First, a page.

A long time ago in a galaxy far, far away—last December, actually—AMD introduced the first members of its next-generation mobile GPU series: the Radeon HD 7600M, 7500M, and 7400M. As it turns out, those weren't really very next-gen at all, since they were based on the same 40-nm fab process and VLIW5 Terascale 2 architecture as, well, last-gen models.
Today, AMD has injected some actual newness in its mobile GPU lineup with the Radeon HD 7900M, 7800M, and 7700M. Code-named Wimbledon, Heathrow, and Chelsea, the new GPUs are fabbed on a state-of-the-art 28-nm manufacturing process, and they're based on the same Graphics Core Next architectural framework as the desktop 7000 series. And they have the same other niceties, like PCIe 3.0 support, AMD's VCE hardware video encoder, and ZeroCore power.
These are, in other words, truly deserving of the leading 7's in their model numbers.
Judging by the look of the packaged chips and their hardware specifications, I expect Wimbledon has a lot in common with Pitcairn (of Radeon HD 7850 and 7870 fame), while the other two new mobile entrants are probably awfully similar to Cape Verde (which powers the Radeon HD 7770 and 7750). Here's a detailed look at those specs:
|Radeon HD 7900M||Radeon HD 7800M||Radeon HD 7700M|
|Core clock||850 MHz||800 MHz||675 MHz|
|Memory interface width||256-bit||128-bit||128-bit|
|Memory||2GB GDDR5||2GB GDDR5||2GB GDDR5|
|Peak memory speed||4.8 GT/s||4.0 GT/s||4.0 GT/S|
|Peak memory bandwidth||153.6 GB/s||64 GB/s||64 GB/s|
The Radeon HD 7900M has the same unit counts and memory configuration as the desktop Radeon HD 7870; the only difference, as far as I can see, is that its core speed is a couple hundred MHz slower. The 7800M is similarly impared versus the Radeon HD 7770, and it's also had its memory speed curbed somewhat, from 4.5 GT/s to 4 GT/s (or 1125MHz to 1000MHz, if you're looking at the raw memory clock speed). As for the 7770M, that model has the same number of units enabled as the desktop 7750, but it's 125MHz slower, and it also runs its memory at 4 GT/s instead of 4.5 GT/s.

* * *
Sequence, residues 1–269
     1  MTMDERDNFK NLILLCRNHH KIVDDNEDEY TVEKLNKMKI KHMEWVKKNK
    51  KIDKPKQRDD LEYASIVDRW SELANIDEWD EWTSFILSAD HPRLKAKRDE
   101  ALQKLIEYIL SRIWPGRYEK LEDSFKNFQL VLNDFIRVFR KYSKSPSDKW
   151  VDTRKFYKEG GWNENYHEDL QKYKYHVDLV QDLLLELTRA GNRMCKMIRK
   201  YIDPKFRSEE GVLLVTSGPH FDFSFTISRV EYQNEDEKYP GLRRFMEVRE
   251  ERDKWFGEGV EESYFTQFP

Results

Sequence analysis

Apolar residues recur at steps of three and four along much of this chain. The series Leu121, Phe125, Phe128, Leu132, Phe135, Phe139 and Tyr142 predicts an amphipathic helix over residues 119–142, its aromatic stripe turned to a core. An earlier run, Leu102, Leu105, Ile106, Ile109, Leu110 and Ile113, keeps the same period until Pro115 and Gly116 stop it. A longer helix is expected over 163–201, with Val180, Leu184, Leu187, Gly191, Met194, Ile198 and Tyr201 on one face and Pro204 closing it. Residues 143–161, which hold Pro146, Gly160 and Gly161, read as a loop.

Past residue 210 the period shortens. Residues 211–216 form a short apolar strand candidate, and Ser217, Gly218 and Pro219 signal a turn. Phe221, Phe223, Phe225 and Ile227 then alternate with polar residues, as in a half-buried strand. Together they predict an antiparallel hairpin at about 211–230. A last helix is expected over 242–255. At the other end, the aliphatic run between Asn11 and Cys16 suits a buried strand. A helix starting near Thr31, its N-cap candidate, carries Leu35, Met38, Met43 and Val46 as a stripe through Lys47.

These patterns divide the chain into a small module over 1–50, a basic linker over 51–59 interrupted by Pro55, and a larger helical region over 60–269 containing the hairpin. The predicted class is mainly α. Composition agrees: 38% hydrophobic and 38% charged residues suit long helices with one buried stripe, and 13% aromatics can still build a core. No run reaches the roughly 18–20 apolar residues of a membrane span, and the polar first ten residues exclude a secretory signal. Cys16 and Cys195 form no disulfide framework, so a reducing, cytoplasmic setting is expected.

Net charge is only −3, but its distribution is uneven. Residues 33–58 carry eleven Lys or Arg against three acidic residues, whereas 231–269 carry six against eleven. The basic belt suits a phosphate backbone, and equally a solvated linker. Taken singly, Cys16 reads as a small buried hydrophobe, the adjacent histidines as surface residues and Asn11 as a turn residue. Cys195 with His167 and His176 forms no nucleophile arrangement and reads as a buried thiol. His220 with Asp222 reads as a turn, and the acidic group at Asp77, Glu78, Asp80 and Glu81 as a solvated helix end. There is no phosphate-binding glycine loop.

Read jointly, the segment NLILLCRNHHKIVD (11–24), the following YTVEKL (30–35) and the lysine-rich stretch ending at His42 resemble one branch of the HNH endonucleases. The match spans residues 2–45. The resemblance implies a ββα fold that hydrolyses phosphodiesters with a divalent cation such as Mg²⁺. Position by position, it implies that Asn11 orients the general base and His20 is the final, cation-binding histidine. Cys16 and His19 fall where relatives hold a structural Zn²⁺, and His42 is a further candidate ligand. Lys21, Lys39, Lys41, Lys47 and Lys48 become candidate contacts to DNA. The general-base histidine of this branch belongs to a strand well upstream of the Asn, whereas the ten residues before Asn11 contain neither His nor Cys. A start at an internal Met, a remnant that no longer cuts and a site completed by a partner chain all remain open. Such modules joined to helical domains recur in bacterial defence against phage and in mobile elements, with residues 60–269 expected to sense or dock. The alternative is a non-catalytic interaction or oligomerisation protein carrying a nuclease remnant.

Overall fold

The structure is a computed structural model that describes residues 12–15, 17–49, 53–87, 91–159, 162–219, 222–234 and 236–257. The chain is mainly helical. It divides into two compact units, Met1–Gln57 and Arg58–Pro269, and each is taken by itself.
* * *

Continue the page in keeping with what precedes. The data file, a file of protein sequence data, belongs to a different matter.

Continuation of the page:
Not content with bringing over the finest silicon from its desktop family, AMD has given mobile users a little something of their own to brag about: Enduro, which can best be described as AMD's answer to Optimus. AMD says Enduro Technology automatically switches between integrated and discrete GPUs based on "application graphical requirements," and it claims the transition is "smooth" and "automatic"—just like with Optimus on Nvidia's mobile GeForces. The discrete GPU is also selected when the notebook is plugged in, and users can switch manually via the control panel if they so desire.
Best of all, AMD hasn't limited Enduro to its own platform. The technology is supposed to work with both Intel processors and AMD's A- and E-series APUs.
Laptops based on the new mobile Radeons are already here. In fact, AMD's Radeon HD 7970M GPU is featured as an option in the latest iteration of the Alienware M17x, right alongside Nvidia's new GeForce GTX 660M and 675M. The machine also packs a 17.3" display and a choice of Sandy Bridge-based Core i7 processors.